The order appealed from was granted by the trial court after a hearing, as we have already seen, at which there were presented and considered by the court affidavits by respondent in support of his motion and counter-affidavits on behalf of appellants contesting said motion. Briefly, these affidavits show that this action was instituted by the respondent against the appellants to recover damages for injuries sustained by respondent by being struck and run over by an automobile then being driven by the appellant Conner. The respondent employed an attorney living at Long Beach to prosecute the action, and this attorney in turn retained two other attorneys residing at Santa Ana, the county seat of Orange County, where the action was pending, to assist in the conduct of said action. The action was set for trial for December 17, 1925. Through some misunderstanding between the attorneys for the respondent none of them appeared in court at the time said action was called for trial, and the court, upon motion of appellants, dismissed the action. It also appears from said affidavits that there had been some discussion between respondent's attorneys, of which appellants' attorneys had been apprised, about dismissing this action and commencing another action of the same nature, for the reason that respondent's attorneys had failed to demand a jury at the time the action had been set for trial. Appellants' counsel refused to stipulate that the case might be tried by a jury, and for this reason, and because respondent desired a jury trial, his attorneys had considered the advisability of dismissing this action and instituting a second action in its place. In furtherance of this plan respondent filed a second complaint based substantially upon the same facts as were alleged in the complaint in this action, but with this difference that the appellant Conner was made the sole defendant in said second action. The date of the commencement of this action does not appear from any of the affidavits used on the hearing of the said motion to vacate the judgment of dismissal, but it had been commenced and was pending at the time said motion was heard. In one of said affidavits used at said hearing on behalf of respondent, in which respondent's counsel was the affiant, the following allegations were made: "That in conversation had by your affiant with Gerald F.H. Delamer, one of the attorneys for defendant as aforesaid, it was understood and agreed that no steps of any kind be taken with reference to said case when the same came up for trial on the 17th day of December, 1925; that the same lie dormant or be continued or go off calendar to be reset or dismissed, as your affiant should finally decide, the decision to depend upon what demurrers would be interposed to the new complaint and whether issue on the merits would finally he joined therein; that said conversations were had on the 9th day of December, 1925, and again on the 12th day of December, 1925, and again on the 14th day of December, 1925; that in all of the said conversations, your affiant expressed an intention to dismiss the above-entitled case, but made it clear that the actual dismissal would have to depend upon two conditions: First, upon issue being joined in the new case, and second, upon the filing of a written dismissal duly signed by your affiant, and that in no event would any steps be taken on the 17th day of December, 1925, to have the above-entitled case dismissed at the request of the said Delamer, and in the absence of your affiant; that in all of said conversations, the said Delamer expressed a willingness to grant a reasonable continuance, as requested by your affiant, for the trial of said case, even though his client refused to stipulate that a jury trial might be granted; that your affiant fully believed that said Delamer understood the position of your affiant and acquiesced in it."  It would appear from these allegations, if they were believed by the trial court, and in support of its order vacating the judgment of dismissal we must assume that the court believed them to be true, that there was an understanding between counsel for the respective parties in this action, that no steps would be taken by the attorneys for the appellants on December 17, 1925, to dismiss said action, but that the same might lie dormant or be continued or go off the calendar to be reset, or dismissed as the attorney for respondent might decide, the decision to depend upon what demurrers would be interposed to the new complaint, and whether issue on the merits would be finally joined in said second action. The granting of the motion to vacate the judgment of dismissal for the reason set forth in the portions of the affidavit above quoted cannot be held to have been an abuse of discretion on the part of the trial court. The trial court may well have concluded that the order of dismissal of said action had been made in the absence of respondent's attorneys and after an understanding between the attorneys representing all the parties to said action that the trial thereof might be continued to await the result of the second action.  It is only in extreme cases that an appellate court will interfere with the action of a trial court in refusing or granting an order of this character. "The law governing this class of cases is so well settled, and has been so often declared in the decisions of this court, that we may dispense with the citation of authorities. An application to be relieved from a default under section 473 of the Code of Civil Procedure is addressed to the sound discretion of the trial court, and the action of that court will not be set aside on appeal unless an abuse of discretion clearly appears. Any doubt that may exist should be resolved in favor of the application to the end of securing a trial upon the merits." ( Jergins v. Schenck, 162 Cal. 747 [ 124 P. 426]; Savage v. Smith, 170 Cal. 472 [ 150 P. 353].) "The rule is equally applicable whether the motion is granted or refused, although it has been said in some cases that we listen more readily to an appeal from an order refusing to set aside a default than where the motion has been granted. All presumptions will be indulged in favor of the correctness of the court's action, and the burden in all cases is upon the appellant to make it appear that its discretion was abused in making the order." ( Moore v. Thompson, 138 Cal. 23, 26 [ 70 P. 930, 932].)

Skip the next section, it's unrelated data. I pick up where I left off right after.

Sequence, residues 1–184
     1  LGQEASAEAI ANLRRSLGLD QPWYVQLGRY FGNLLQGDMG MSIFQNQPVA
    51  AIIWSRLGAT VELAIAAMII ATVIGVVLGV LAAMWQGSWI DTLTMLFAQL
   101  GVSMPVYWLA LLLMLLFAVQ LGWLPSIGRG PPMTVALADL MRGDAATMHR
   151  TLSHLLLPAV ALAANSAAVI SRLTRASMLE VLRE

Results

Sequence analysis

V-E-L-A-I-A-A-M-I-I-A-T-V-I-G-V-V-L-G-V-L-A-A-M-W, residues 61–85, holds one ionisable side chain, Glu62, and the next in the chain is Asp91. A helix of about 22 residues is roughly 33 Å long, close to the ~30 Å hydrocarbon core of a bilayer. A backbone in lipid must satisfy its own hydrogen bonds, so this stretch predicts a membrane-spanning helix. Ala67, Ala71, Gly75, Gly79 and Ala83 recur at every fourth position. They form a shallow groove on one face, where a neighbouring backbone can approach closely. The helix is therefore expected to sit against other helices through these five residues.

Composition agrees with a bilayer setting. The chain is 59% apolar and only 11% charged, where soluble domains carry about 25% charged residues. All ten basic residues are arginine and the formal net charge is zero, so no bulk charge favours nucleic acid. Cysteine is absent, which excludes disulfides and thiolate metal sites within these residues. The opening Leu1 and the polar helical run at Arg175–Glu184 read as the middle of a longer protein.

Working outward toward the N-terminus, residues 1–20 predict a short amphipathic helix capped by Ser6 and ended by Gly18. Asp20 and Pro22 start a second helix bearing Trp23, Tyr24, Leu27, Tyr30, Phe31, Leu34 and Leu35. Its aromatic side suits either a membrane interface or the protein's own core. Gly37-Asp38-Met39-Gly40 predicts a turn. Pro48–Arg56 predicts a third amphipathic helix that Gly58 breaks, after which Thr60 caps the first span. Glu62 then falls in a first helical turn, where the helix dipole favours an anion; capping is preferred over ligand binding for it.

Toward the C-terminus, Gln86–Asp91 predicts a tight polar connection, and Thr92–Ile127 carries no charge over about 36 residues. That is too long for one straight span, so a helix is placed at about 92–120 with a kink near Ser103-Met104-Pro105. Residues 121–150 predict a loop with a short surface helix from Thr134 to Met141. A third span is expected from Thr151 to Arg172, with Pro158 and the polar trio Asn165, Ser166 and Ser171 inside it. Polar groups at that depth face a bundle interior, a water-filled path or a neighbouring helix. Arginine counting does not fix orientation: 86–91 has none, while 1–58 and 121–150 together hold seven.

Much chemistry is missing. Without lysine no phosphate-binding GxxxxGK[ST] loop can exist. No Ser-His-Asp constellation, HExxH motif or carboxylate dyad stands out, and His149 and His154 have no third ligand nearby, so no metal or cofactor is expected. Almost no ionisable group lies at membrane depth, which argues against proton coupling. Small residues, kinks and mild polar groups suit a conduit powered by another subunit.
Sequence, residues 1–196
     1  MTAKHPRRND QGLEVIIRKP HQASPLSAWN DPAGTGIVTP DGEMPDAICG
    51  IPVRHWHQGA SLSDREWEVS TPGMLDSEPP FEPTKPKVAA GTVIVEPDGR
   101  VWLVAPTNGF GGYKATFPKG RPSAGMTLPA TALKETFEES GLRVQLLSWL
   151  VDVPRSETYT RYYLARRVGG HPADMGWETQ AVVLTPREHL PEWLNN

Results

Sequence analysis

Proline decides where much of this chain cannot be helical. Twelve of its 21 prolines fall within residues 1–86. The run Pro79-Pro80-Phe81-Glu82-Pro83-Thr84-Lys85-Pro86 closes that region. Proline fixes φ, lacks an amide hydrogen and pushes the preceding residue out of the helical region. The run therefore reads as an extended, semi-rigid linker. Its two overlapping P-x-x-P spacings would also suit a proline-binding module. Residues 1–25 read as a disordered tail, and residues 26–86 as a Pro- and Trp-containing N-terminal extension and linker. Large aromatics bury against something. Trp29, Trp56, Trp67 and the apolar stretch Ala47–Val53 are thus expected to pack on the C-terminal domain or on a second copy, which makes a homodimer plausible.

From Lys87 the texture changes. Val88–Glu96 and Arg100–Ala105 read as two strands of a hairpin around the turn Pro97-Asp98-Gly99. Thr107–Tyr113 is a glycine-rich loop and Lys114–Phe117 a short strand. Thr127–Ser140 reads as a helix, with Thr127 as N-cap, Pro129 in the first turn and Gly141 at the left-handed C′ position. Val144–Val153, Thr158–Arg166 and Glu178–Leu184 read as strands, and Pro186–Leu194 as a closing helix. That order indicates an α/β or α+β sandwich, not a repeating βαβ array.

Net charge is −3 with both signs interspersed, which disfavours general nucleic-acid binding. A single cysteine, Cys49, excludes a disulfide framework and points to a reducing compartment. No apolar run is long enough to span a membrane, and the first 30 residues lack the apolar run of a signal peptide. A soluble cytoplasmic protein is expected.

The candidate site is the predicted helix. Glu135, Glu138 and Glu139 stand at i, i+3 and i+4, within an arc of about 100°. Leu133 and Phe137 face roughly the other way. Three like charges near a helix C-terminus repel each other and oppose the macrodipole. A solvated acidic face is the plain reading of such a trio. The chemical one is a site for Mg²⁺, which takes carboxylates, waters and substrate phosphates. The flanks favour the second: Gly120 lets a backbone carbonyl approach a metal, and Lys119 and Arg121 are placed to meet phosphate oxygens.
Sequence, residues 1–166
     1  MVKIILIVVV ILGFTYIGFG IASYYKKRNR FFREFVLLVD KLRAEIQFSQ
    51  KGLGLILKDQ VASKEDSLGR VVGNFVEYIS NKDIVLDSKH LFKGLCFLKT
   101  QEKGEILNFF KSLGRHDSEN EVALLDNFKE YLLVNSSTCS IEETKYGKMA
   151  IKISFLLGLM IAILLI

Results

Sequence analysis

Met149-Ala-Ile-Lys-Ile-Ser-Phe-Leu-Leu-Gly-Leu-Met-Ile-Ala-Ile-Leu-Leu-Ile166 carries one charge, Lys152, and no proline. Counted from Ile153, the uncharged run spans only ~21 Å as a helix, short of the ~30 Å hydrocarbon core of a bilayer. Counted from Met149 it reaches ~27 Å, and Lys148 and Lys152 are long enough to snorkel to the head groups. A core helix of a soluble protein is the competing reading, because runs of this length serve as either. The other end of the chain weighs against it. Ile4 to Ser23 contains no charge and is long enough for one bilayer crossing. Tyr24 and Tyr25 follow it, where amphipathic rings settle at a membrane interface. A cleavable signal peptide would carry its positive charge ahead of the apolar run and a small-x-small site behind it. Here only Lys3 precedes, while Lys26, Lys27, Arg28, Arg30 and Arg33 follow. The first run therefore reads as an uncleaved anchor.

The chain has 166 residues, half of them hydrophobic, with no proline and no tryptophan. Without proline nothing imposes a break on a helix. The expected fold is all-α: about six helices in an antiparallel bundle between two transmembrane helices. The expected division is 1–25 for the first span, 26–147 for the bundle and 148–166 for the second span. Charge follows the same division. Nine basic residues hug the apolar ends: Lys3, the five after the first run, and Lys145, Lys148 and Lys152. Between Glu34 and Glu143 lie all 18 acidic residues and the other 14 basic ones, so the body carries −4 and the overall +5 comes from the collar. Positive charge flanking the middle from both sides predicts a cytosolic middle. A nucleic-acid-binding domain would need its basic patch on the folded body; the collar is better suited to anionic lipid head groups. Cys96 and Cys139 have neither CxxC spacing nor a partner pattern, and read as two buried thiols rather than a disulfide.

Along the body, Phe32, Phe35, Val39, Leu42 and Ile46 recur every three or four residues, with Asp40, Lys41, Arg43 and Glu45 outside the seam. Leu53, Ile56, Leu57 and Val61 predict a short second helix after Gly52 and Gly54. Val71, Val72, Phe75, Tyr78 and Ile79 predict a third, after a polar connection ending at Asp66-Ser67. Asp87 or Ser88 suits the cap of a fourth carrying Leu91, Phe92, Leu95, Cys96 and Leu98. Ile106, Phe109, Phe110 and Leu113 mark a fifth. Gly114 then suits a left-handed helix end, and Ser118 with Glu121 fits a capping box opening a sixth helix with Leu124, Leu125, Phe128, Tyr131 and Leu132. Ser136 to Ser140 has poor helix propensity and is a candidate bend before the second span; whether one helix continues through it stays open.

The appellants have advanced other reasons why the order appealed from should not be sustained by this court. We have carefully examined and considered all of such reasons, but we fail to find any merit in them. A detailed discussion of appellant's argument in support of them would, in our opinion, serve no useful purpose, and for that reason we will content ourselves with the general statement that the grounds advanced therein are not meritorious.
The order appealed from is affirmed.
Seawell, J., and Preston, J., concurred.